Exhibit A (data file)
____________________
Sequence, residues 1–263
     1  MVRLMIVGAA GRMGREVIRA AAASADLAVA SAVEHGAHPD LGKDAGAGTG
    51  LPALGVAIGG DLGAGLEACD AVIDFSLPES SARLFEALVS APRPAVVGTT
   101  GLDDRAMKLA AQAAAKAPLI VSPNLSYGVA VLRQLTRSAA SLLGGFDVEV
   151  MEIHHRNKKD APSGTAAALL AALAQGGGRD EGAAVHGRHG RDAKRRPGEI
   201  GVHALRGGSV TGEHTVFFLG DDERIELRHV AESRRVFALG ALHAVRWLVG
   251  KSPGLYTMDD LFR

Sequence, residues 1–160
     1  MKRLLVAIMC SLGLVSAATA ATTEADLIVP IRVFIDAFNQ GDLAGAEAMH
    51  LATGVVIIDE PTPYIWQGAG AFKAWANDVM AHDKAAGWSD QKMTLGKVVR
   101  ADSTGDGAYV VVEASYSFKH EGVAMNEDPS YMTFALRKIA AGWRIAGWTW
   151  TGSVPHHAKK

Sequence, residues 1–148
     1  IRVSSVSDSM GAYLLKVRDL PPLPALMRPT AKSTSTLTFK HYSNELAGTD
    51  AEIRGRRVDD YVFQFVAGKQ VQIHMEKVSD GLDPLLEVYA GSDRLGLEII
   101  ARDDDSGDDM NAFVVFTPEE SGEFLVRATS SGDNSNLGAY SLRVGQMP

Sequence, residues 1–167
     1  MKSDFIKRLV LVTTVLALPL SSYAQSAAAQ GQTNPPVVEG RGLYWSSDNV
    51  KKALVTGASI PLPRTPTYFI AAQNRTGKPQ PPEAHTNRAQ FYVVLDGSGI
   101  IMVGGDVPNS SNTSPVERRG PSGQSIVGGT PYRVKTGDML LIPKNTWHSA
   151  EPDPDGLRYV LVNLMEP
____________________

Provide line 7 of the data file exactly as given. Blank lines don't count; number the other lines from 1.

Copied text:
   251  KSPGLYTMDD LFR